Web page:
bengal38 Tue 09-Apr-13 17:21:10

So much happens in parks these days. Older kids hanging around and stuff like that. My son is 12 and is not allowed NO-WHERE by himself and nor are his friends either. I would rather be safe than sorry than appear on the news with my son dead.

My son doesn't have to play on his own in the parks with older kids hanging around. I think you lot just want them out of your way.

And to Magimedi - Why can you not have 9 year olds wrappped in cotton wool?

bengal38 Tue 09-Apr-13 17:22:29

Why should a 9 year old have freedom away from the family? Why not have family time together instead of just letting them go away to play in the parks on their own?

Twentytotwo Tue 09-Apr-13 17:24:33

'My son is 12 and is not allowed NO-WHERE by himself'

How does he get to and from school? At 12 unless you live in a war zone that's pretty shocking.

Hulababy Tue 09-Apr-13 17:24:41

My DD has also been allowed to the park on her own, well with friends usually, since being 9y. On foot or on bike/scooter. She has a watch and checks in every hour, though this has increased as she has gotten older. She has been allowed to play out on our cul de sac, for a year or two before that. It's building up that bit of independence gradually.

But for now, as he broke the "rules" he has to prove he can regain the trust to do the right think. So, no going out today. Then build it up gradually again.

bengal38 Tue 09-Apr-13 17:26:49

I drop off/pick up my son from school and so do his friends mums as well. What is wrong with that?

ChunkyPickle Tue 09-Apr-13 17:27:46

bengal - he's 9! He should be trustable to cycle off for a bit and come back - but he had a silly idea that he didn't think through and went wrong. A little bit of showing how worried you are by keeping him close will drive that home.

In a couple of years he'll be getting himself to secondary school and back - it's good that you give him enough independence that he won't be scared of that and will be trustable to do it safely.

I'm not that old, and I was walking to primary school and wandering about in the woods behind my house (as were most other kids I know) at that age.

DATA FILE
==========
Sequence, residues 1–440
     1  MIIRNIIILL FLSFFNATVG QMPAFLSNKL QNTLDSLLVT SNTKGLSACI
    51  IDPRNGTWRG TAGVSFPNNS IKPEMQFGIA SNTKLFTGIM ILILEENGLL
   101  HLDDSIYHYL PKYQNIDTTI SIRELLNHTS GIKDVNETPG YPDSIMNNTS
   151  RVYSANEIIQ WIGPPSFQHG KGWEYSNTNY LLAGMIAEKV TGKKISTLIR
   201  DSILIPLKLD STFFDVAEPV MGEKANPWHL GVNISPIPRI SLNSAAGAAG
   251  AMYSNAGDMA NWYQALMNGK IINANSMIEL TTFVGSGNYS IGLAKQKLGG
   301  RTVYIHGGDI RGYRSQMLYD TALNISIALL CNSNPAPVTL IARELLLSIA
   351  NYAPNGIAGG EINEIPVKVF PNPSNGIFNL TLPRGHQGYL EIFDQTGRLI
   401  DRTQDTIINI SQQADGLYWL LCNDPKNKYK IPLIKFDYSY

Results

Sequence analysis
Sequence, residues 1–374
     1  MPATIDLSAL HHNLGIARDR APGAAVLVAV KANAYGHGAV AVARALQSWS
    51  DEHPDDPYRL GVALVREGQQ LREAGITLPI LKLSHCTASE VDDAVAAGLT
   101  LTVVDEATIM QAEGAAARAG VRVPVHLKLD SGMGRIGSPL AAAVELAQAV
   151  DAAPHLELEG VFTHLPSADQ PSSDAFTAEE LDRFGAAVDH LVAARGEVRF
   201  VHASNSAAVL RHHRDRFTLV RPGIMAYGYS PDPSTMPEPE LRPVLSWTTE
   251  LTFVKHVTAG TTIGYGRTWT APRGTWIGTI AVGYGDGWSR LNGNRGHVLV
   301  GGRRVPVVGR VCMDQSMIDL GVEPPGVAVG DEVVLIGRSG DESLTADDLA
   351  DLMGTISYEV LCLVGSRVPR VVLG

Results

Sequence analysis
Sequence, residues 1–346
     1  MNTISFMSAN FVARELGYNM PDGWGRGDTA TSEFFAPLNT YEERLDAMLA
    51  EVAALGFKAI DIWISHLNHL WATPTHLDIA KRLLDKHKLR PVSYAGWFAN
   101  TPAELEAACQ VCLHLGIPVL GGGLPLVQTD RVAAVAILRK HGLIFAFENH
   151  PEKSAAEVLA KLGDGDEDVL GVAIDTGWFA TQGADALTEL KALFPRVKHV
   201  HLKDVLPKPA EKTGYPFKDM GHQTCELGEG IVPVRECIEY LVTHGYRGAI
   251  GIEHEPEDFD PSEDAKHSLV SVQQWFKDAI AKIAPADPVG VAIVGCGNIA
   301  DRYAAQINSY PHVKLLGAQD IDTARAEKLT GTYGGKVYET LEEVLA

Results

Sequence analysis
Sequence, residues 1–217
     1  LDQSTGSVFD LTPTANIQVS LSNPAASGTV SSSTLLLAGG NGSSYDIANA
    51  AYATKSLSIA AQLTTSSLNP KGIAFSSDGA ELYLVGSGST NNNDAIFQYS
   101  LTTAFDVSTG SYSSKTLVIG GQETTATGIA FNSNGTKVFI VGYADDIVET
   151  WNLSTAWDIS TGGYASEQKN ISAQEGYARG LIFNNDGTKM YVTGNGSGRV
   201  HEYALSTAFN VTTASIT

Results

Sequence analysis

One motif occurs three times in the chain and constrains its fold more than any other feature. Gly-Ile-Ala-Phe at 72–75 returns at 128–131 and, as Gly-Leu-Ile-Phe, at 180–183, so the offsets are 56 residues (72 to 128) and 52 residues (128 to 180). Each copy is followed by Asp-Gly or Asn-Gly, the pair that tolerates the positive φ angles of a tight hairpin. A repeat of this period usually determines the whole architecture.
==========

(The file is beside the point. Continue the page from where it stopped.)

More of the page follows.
EarthtoMajorTom Tue 09-Apr-13 17:28:54

bengal38 when will you stop ferrying your son around? When he is 17 and passes his driving test? When will he learn road sense and how to look after himself on his own? It doesn't just arrive overnight you know.

Hulababy Tue 09-Apr-13 17:29:37

bengal38 - I thought I was over protective, but obviously not.

At age 9y I knew I needed to allow DD a little more independence.
She is now 11y (as of 4 days ago) and today she and her friend walked to the shops - about 3/4 mile away - and bought some fruit for dinner tonight. They were very sensible. DD had her phone with her, albeit it kept inside her bag out of sight.
As of next week she is going to start walking to meet me at work from school a couple of nights a week. It's about a mile's walk.

DD goes to secondary school in September. She has to learn this independence. Almost every primary school I know of encourages children to have this increased independence regards school/home walking in Y6. DD can't walk home as it is too far, hence her meeting me at work.

I don't need her to do it for my benefit. I can collect her easily, infact her walking to my work means I will have to hang a round a little longer than I normally do. But I know that she NEEDS to do this.

I don't know any 12yo who has no independence at all. I think that is too much over protectiveness, unless there are very specific and known risks surrounding the child.

Euphemia Tue 09-Apr-13 17:29:58

Bengal you must live somewhere really rough. shock

somedayma Tue 09-Apr-13 17:30:01

I think you're going to have a big rebellion on your hands in a year or two Bengal ...

Hulababy Tue 09-Apr-13 17:31:28

My DD would be driven half mad if she wasn't allowed some independence and freedom away from me and DH. She has her own friends and her own interests. Yes, we spend a lot of time together as a family, but there is also a real need for children to be their own person too.

fromparistoberlin Tue 09-Apr-13 17:31:45

bengal

I used to get the tube to school aged 8 with my 6 year old brother., ah the 70s

OP, yanbu. he needs to understand, yanbu

bengal, that's ridiculous! shock